“A mine such as this is a big economic engine, and the establishment of Kibali in the DRC’s eastern province will no doubt lift this region, as we have seen where we operate mines elsewhere in Africa. Local businesses will develop to supply the mine, the skills base will grow and jobs and career growth opportunities will be created. The quality and size of the Kibali asset base will support a sustainably profitable business, and this in turn will build sustainable benefits for the DRC and its people,” he said.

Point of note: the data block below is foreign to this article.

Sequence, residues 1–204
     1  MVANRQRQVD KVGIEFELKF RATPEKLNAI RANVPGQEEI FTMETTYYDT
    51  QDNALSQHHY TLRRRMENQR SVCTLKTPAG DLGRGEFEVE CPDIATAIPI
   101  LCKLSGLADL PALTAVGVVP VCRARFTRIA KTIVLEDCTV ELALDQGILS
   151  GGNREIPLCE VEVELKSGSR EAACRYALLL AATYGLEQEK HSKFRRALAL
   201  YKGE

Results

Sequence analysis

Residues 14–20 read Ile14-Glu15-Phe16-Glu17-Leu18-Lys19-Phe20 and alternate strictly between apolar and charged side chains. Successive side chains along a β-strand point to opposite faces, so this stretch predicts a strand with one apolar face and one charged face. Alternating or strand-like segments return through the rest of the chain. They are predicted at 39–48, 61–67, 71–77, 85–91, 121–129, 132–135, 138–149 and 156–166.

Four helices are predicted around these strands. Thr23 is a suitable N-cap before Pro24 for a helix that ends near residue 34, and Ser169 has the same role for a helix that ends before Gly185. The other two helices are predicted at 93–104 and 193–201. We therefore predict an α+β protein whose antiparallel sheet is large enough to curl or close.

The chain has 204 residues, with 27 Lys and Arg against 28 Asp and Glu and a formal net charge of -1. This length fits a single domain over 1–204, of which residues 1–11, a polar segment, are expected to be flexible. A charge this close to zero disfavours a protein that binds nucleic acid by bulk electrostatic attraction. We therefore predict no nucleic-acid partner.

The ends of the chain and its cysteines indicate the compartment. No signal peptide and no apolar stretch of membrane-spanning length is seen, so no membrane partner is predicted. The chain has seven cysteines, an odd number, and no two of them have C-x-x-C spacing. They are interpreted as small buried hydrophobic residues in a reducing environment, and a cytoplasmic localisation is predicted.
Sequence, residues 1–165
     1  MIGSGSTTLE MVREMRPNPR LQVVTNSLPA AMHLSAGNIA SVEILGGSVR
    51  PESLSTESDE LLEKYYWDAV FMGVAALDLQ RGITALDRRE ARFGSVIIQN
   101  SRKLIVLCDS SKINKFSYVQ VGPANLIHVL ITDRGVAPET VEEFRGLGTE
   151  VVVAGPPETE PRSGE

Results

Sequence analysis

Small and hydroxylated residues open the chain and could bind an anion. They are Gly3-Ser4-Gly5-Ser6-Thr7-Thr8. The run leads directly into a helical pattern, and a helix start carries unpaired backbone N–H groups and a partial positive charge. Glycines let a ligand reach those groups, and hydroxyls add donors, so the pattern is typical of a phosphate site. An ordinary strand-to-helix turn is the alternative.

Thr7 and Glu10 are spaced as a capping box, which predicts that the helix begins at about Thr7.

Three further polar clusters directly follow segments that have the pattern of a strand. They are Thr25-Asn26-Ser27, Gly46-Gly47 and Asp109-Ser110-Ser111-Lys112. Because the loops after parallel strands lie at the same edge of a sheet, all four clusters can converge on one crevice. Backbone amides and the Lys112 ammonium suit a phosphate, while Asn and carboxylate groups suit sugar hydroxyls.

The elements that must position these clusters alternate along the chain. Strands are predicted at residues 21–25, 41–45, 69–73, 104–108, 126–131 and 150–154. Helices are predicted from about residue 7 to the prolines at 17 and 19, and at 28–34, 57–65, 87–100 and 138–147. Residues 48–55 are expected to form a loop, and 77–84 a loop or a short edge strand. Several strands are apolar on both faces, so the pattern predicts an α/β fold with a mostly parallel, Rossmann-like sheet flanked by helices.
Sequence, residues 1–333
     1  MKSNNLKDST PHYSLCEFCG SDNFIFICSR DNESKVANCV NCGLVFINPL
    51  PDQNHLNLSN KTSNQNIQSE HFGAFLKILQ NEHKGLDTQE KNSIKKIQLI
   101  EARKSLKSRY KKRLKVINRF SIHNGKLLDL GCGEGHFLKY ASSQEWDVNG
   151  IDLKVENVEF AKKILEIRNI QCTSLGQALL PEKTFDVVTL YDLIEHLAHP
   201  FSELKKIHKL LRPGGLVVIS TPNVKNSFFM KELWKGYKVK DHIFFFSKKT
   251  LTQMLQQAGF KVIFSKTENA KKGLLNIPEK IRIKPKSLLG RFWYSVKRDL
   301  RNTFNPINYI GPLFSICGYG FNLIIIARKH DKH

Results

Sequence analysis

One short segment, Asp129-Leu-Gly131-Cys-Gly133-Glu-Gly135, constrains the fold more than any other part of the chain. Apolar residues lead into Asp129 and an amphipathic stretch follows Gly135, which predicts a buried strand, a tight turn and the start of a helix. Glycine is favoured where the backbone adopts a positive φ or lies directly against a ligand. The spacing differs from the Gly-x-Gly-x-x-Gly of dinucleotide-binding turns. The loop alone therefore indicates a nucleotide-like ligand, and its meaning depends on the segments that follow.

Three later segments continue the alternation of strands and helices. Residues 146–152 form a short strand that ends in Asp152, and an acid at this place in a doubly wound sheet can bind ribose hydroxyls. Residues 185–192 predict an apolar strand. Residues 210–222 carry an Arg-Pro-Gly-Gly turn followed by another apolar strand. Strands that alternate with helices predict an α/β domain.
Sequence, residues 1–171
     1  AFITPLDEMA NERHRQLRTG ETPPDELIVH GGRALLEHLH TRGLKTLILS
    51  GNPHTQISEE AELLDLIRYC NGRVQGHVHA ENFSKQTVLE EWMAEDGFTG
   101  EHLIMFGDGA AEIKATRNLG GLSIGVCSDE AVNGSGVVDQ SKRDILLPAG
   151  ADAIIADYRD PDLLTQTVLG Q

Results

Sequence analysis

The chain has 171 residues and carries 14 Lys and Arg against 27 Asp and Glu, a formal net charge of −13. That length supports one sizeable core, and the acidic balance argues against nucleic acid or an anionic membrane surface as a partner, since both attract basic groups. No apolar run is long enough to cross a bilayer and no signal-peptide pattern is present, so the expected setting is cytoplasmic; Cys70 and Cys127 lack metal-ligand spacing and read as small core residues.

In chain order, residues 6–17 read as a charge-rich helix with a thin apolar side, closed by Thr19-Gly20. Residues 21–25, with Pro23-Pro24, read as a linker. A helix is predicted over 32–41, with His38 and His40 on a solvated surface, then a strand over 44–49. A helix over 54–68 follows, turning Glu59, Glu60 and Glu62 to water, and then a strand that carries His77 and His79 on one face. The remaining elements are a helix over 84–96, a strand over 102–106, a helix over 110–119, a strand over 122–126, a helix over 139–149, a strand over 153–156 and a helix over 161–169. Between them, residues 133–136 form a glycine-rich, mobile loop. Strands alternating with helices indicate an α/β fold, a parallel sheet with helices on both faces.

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CAUTIONARY NOTE REGARDING FORWARD-LOOKING STATEMENTS: Except for the historical information contained herein, the matters discussed in this news release are forward-looking statements within the meaning of Section 27A of the US Securities Act of 1933 and Section 21E of the US Securities Exchange Act of 1934, and applicable Canadian securities legislation. Forward-looking statements include, but are not limited to, statements with respect to the future price of gold, the estimation of mineral reserves and resources, the realisation of mineral reserve estimates, the timing and amount of estimated future production, costs of production, reserve determination and reserve conversion rates. Generally, these forward-looking statements can be identified by the use of forward-looking terminology such as ‘will’, ‘plans’, ‘expects’ or ‘does not expect’, ‘is expected’, ‘budget’, ‘scheduled’, ‘estimates’, ‘forecasts’, ‘intends’, ‘anticipates’ or ‘does not anticipate’, or ‘believes’, or variations of such words and phrases or state that certain actions, events or results ‘may’, ‘could’, ‘would’, ‘might’ or ‘will be taken’, ‘occur’ or ‘be achieved’. Assumptions upon which such forward-looking statements are based are in turn based on factors and events that are not within the control of Randgold and there is no assurance they will prove to be correct. Forward-looking statements are subject to known and unknown risks, uncertainties and other factors that may cause the actual results, level of activity, performance or achievements of Randgold to be materially different from those expressed or implied by such forward-looking statements, including but not limited to: risks related to mining operations, including political risks and instability and risks related to international operations, actual results of current exploration activities, conclusions of economic evaluations, changes in project parameters as plans continue to be refined, as well as those factors discussed in the section entitled ‘Risk Factors’ in Randgold’s annual report on Form 20-F for the year ended 31 December 2011 which was filed with the US Securities and Exchange Commission (the ‘SEC’) on 30 March 2012. Although Randgold has attempted to identify important factors that could cause actual results to differ materially from those contained in forward-looking statements, there may be other factors that cause results not to be as anticipated, estimated or intended. There can be no assurance that such statements will prove to be accurate, as actual results and future events could differ materially from those anticipated in such statements. Accordingly, readers should not place undue reliance on forward-looking statements. Randgold does not undertake to update any forward-looking statements herein, except in accordance with applicable securities laws. CAUTIONARY NOTE TO US INVESTORS: The SEC permits companies, in their filings with the SEC, to disclose only proven and probable ore reserves. We use certain terms in this release, such as ‘resources’, that the SEC does not recognise and strictly prohibits us from including in our filings with the SEC. Investors are cautioned not to assume that all or any parts of our resources will ever be converted into reserves which qualify as ‘proven and probable reserves’ for the purposes of the SEC’s Industry Guide number 7.